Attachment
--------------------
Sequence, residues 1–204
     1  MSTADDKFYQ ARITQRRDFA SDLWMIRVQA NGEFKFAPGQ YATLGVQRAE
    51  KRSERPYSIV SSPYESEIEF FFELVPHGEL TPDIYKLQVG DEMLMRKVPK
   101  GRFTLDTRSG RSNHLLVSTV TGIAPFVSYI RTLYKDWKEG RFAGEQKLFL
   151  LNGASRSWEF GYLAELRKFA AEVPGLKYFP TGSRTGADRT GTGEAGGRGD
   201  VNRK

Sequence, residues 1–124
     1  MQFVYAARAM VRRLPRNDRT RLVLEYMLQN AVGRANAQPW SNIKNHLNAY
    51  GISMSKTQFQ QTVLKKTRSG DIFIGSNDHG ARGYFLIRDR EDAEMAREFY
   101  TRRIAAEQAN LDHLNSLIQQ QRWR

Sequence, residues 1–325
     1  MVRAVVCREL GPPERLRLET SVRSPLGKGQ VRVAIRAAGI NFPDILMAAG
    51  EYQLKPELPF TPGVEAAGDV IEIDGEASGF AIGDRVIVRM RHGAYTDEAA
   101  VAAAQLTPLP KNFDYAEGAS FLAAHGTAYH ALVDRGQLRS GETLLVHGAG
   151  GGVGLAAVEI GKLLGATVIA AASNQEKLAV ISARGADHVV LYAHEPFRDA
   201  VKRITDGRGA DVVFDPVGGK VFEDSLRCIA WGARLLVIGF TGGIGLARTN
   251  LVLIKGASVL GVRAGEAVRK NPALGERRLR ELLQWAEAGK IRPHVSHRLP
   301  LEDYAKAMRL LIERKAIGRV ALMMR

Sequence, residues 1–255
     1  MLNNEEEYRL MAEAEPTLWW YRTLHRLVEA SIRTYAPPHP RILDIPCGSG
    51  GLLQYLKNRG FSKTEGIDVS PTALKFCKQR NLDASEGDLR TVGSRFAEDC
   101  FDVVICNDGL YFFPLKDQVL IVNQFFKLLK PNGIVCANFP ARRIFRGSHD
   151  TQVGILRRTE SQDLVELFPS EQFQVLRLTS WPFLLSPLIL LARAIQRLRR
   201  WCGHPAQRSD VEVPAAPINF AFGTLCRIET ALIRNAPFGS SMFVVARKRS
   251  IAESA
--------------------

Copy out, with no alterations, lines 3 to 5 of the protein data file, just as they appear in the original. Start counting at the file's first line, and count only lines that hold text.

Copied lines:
    51  KRSERPYSIV SSPYESEIEF FFELVPHGEL TPDIYKLQVG DEMLMRKVPK
   101  GRFTLDTRSG RSNHLLVSTV TGIAPFVSYI RTLYKDWKEG RFAGEQKLFL
   151  LNGASRSWEF GYLAELRKFA AEVPGLKYFP TGSRTGADRT GTGEAGGRGD